The Florida Chiropractic Society ( FCS ) is celebrating its 54th anniversary this year, nearly five decades since its inception in 1965. In order to understand just how influential Dr. BJ Palmer was in the establishment of the FCS, it's necessary to go back some years before the organization was formed. 

Palmer's role as the developer of chiropractic is well known – and needs no further explanation here. What may not be so well known today was his effect on chiropractic students at the Palmer School of Chiropractic. According to one Class of '57 graduate of the Palmer School , “In BJ's era, you either loved him – or hated him. There was no in between.” He was so adamant about “chi-rho-prac-tik” and insistent that it be unadulterated, that he would not accept any compromise, period. By the latter half of the 1950's, Palmer was concerned about the direction chiropractic would take after his passing. He stated this clearly in one of his later writings entitled “Where To?” “As the years have crept upon us, we find we have exhausted ourselves. We have now come to the pass where we are casting the GREAT responsibility upon you younger men. You have a lifetime AHEAD of you. Our life is beginning to recede. WE are passing THIS CHALLENGE to you, NOW, TODAY, to save what we have labored so long, so diligently, to protect, preserve and survive for the sake of mankind.” This message found a ready audience with a number of Florida chiropractors, especially among graduates of the Palmer School, many of whom were devoted to Palmer and his philosophy of chiropractic.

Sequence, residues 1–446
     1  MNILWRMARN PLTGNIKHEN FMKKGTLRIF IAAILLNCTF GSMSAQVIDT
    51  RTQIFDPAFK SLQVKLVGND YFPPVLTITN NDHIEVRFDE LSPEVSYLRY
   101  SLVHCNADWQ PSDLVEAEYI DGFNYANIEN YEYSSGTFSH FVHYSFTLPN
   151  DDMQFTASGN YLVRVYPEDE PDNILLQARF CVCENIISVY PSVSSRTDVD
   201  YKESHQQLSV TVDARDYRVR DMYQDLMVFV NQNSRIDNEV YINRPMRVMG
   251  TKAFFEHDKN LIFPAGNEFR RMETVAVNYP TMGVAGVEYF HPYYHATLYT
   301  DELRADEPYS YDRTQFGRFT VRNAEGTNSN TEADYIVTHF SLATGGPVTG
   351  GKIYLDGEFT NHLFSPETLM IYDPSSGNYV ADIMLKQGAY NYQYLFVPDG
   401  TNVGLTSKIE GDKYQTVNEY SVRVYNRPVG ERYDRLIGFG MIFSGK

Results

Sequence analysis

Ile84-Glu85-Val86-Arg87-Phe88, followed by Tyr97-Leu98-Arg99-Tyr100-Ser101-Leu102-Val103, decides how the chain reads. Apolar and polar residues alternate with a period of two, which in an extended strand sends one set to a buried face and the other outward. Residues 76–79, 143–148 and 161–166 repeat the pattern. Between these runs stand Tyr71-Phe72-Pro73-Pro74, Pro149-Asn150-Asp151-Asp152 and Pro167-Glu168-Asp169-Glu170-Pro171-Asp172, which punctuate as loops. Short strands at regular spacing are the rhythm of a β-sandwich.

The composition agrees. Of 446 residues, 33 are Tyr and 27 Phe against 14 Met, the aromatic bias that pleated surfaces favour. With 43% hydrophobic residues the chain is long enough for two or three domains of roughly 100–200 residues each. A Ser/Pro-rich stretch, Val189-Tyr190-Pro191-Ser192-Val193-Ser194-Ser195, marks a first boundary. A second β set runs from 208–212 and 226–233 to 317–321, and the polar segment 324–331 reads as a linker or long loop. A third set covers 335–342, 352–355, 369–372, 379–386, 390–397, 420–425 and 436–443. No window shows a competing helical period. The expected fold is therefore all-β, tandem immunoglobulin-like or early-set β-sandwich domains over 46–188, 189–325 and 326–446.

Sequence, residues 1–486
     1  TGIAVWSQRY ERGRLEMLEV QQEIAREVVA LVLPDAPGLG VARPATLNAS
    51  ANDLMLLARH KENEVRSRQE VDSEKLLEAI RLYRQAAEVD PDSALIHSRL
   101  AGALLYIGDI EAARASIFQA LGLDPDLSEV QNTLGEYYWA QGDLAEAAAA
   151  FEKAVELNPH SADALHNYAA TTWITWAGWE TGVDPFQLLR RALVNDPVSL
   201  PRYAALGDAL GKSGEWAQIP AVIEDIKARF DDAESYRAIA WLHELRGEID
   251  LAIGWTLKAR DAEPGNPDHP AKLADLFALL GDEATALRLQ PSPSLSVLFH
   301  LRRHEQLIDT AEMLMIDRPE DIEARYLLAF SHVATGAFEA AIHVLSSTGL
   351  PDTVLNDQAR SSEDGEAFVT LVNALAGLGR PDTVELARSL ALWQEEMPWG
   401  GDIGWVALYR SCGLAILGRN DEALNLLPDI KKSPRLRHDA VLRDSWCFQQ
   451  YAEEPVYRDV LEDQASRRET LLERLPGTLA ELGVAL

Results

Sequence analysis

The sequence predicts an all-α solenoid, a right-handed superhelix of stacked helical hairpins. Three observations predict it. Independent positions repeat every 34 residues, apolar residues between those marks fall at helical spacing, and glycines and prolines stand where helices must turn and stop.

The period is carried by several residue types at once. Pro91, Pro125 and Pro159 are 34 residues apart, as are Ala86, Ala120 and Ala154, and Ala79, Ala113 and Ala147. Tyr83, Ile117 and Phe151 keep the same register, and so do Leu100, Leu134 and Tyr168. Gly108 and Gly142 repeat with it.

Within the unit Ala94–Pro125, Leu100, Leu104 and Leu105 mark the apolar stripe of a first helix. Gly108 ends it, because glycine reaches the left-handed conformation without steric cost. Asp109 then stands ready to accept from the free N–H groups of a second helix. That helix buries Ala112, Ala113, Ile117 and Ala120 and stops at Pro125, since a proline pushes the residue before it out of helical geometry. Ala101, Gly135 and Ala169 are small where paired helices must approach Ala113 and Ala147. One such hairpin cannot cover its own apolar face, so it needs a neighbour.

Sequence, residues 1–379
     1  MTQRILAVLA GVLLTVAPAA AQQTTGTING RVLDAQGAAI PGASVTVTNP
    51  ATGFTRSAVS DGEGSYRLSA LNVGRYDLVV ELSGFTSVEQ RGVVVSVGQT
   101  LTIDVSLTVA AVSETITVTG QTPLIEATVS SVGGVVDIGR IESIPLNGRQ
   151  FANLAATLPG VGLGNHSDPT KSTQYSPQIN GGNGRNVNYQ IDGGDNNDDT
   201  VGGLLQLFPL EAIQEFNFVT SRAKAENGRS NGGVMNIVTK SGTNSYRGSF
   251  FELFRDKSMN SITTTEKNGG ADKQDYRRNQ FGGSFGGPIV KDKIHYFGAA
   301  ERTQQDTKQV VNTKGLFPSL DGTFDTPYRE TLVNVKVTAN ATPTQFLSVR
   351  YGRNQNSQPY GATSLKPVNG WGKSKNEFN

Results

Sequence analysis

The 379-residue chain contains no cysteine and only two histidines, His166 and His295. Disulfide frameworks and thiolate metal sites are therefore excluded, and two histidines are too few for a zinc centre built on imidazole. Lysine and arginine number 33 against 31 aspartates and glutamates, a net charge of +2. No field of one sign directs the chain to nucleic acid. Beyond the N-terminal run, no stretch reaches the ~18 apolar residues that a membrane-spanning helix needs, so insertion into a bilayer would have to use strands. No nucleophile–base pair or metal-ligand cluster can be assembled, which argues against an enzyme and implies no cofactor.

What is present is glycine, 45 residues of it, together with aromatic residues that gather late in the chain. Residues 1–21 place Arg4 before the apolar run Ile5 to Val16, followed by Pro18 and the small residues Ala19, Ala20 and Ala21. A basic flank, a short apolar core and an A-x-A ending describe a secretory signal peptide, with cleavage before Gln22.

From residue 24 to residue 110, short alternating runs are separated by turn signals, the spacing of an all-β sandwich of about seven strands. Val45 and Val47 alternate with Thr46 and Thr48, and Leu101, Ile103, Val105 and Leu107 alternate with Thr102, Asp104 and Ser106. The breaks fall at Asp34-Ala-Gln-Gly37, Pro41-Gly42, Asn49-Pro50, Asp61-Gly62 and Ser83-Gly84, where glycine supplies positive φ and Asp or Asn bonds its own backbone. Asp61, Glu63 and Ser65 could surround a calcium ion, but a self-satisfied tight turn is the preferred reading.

At that time, these chiropractors were members of the Florida Chiropractic Association (FCA), the statewide organization founded in 1931. While almost all Florida chiropractors were members of this organization, not all were of the same mind when it came to the definition of chiropractic. As is the case today, there were significant differences of opinion as to what should be the scope of practice. Still, there were forces at work that even someone of Palmer's stature could not suppress. Many chiropractors wanted to expand the scope of practice beyond specific spinal adjustments “by hands alone”. Many chiropractors wanted to be accepted by the medical establishment and attain the same status in society of medical doctors. There was a conflict between Palmer's call for unity within the chiropractic profession and the forces that took a different direction from his philosophy.